in Noblewomen, aristocracy and power in the twelfth-century Anglo-Norman realm
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Susan M. Johns

This chapter reveals that the interaction between gender and social status defined the place and role of noblewomen in society. The role of women as witnesses, as givers and receivers of countergifts and in the affidation ceremony showed the complexity of noblewomen's involvement in land transfers. The texts of women's seals reveal the significance of land tenure and the female life cycle in defining the legitimate place of noblewomen as landholders in society. The Rotuli de Dominabus et de Pueris et de Puellis de XII Comitatibus make it clear that noblewomen's tenure of land underpinned their status, dower was the principle form of land tenure by which widows were supported and the practice of endowing daughters with maritagium was restricted. The status of women is fundamentally linked with land tenure and with socio-economic and political factors as much as marital and family status.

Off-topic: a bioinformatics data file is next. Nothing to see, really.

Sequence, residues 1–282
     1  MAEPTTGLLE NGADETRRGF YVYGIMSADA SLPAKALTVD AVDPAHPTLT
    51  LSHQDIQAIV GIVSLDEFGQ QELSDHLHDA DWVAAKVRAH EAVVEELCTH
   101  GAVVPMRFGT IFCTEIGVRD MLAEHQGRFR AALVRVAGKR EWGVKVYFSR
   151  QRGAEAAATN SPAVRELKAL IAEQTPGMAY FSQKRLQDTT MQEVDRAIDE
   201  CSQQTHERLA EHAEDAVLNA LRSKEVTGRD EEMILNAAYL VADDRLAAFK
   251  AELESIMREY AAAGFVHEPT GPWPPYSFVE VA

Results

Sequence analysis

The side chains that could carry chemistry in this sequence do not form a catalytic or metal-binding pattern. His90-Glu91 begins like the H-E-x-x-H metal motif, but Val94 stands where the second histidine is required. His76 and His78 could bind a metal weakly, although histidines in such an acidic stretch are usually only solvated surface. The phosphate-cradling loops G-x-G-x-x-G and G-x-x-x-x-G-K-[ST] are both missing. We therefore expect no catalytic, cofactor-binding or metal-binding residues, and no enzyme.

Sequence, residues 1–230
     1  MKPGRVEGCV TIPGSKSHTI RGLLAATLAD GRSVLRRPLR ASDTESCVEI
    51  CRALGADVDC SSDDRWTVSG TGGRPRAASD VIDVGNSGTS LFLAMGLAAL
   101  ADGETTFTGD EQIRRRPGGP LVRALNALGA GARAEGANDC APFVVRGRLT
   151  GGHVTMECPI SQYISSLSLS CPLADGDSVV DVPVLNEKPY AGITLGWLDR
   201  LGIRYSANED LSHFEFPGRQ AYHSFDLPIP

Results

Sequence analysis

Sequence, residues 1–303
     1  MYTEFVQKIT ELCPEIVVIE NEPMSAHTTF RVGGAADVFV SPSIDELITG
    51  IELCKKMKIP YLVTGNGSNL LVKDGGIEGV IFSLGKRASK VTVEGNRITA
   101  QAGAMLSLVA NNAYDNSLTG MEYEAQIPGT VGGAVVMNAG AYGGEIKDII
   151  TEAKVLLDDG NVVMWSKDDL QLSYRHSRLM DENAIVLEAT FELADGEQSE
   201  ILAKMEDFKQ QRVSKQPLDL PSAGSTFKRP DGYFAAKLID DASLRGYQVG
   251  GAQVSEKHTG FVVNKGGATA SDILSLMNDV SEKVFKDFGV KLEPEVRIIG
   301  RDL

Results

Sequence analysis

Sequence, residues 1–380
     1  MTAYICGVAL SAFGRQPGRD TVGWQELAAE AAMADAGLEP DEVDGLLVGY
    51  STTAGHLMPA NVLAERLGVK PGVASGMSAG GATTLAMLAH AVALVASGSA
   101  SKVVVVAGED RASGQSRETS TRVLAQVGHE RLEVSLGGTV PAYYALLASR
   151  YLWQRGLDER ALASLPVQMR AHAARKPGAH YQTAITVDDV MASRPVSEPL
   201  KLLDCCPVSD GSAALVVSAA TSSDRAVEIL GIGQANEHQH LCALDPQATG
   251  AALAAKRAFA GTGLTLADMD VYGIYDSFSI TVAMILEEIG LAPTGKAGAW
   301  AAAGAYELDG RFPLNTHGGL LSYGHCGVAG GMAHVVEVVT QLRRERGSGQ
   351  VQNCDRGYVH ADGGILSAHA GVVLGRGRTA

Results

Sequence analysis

in Noblewomen, aristocracy and power in the twelfth-century Anglo-Norman realm